“Consumers are swimming in a sea of sameness,” said Treeshake CEO Dave Duarte in a previous media update article. And that is precisely why it so difficult to reach your audience.

Marketing in general — and digital marketing in particular — have suffered at the hands of lacklustre strategies. The more below-par adverts there are, the more difficult it is to reach consumers as they are tired of seeing content.

This is where micro-moment marketing comes in!

What is a micro-moment?

According to Think with Google, a micro-moment is an intent-rich moment when a person turns to a device to act on a need. Basically, it’s that exact moment when a person wants to find information on something and logs on to the Internet to get it.

The device they use is not important — but it is the action of reaching for a device and wanting to find that information instantly.

For brands, there are four micro-moments that are the most important:

1. I-want-to-know moments

This is the moment where a person wants to find information on something, but they are not quite willing to commit to purchasing it just yet.

They are only in the phase of exploring and researching, but the information they find in this moment can affect whether or not they move into the phase where they do want to make a purchase.

An example of a search in this moment would be: ‘What types of jeans suit tall people?’

2. I-want-to-go moments

This moment is when someone is looking for a business nearby or is considering buying a product at a nearby store.

This moment is very much location-based, as consumers are increasingly becoming unwilling to travel far distances to find products. Most searches in this moment include the phrase ‘near me’.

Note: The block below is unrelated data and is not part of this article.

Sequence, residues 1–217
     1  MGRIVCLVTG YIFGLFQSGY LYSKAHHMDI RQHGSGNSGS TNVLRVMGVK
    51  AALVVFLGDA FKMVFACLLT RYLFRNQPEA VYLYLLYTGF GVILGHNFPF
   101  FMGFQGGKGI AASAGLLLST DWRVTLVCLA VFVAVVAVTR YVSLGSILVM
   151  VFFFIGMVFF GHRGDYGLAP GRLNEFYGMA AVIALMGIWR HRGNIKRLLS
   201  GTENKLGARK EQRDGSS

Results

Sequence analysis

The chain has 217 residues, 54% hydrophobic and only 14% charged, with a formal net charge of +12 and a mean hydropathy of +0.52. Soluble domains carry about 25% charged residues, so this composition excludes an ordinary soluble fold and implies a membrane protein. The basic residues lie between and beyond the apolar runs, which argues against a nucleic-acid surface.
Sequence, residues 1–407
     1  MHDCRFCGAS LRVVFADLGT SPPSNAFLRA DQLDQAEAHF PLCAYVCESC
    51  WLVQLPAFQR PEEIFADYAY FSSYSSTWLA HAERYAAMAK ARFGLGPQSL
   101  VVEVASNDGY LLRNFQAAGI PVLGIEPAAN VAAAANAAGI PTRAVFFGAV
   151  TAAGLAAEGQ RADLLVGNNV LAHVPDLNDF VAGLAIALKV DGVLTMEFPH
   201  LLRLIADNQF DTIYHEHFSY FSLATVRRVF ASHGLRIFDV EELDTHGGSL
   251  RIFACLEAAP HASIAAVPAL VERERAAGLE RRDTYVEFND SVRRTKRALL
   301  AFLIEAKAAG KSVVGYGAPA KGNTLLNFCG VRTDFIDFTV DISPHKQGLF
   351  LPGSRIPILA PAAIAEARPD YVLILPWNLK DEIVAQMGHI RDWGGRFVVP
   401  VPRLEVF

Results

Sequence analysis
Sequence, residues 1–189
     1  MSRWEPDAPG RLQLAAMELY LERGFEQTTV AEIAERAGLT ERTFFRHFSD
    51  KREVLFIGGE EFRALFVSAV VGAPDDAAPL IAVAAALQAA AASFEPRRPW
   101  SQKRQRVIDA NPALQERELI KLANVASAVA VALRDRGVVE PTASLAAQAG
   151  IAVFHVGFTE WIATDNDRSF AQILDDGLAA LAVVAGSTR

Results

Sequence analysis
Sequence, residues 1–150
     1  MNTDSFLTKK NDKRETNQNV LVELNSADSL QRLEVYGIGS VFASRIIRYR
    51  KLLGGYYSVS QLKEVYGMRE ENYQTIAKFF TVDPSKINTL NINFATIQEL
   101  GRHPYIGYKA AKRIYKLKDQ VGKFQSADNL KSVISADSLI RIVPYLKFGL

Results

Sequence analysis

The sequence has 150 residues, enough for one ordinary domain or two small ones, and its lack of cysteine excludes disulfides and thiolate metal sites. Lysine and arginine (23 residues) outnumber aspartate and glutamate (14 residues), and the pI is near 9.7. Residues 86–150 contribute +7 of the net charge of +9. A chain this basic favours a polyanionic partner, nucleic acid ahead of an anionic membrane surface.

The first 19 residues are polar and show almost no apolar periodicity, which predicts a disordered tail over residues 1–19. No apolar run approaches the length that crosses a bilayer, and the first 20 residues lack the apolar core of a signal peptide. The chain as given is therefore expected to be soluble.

An example of a search in this moment would be: ‘Where is there a mall near me?’

3. I-want-to-do moments

These moments are when people want help in completing a task or trying something new. They could be looking for videos, blogs or even step-by-step advice to assist them in completing their task.

An example of a search in this moment would be: ‘How do I build a small wooden desk?’

4. I-want-to-buy moments

This is a vital moment for businesses — when people are actually ready to make a purchase. In these moments, people are looking for help on deciding what to buy or how to buy it.

An example of a search in this moment would be: ‘Where can I buy Levi jeans?’

How does micro-moment marketing work?

Micro-moment marketing is based on the philosophy that consumers are living in a world of ‘content shock’, where they are unable to consume much more content than they already are.

So how do brands reach consumers then?

Well, according to a 2018 study by Nielsen, the average American spends a whopping three hours and 45 minutes on computers, tablets and smartphones. Plus, 62% of that time is spent browsing the web or using apps on a smartphone. So in order to capitalise on this, brands need to change the way they capture people’s attention.

In an article for Inc., Jonathan Lacoste says that brands have to understand that they are not the be-all and end-all of consumers lives.

“Most of the content we produce as marketers might be perceived as an interruption to a consumer …[and] the key of micro-moment marketing is to embrace the idea that you have but a few seconds to capture the attention of your target consumer.”

“In those nanoseconds, brands are challenged to convey a clear and concise message that is relevant and of interest to the consumer. Otherwise, they're on to the next email, tweet or article and you've lost their attention until the next time.”

So what exactly should brands be doing?

In order to capitalise on the short amount of time you have a consumer’s attention, brands need to understand that, in these micro-moments, consumers want what they want, when they want it — and they are drawn to brands that deliver on those needs.

To perform well in micro-moments, Google says brands need to:
  • Be present: Anticipate the micro-moments for your target audience, and commit to being there to help in those moments.
  • Be useful: Provide a digital experience that is relevant to consumers’ needs in the moment and aim to quickly connect people with the answers they are looking for.
  • Be accountable: Create a seamless customer experience across all channels, and measure the collective impact across them.
Do you think micro-moment marketing is a viable option for brands? Let us know your thoughts in the comments section below.

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Wondering how to get your marketing content to actually appear on people’s social media timelines? Our article, Understanding social media algorithms: A guide for brands, has all the answers.
*Image courtesy of Vecteezy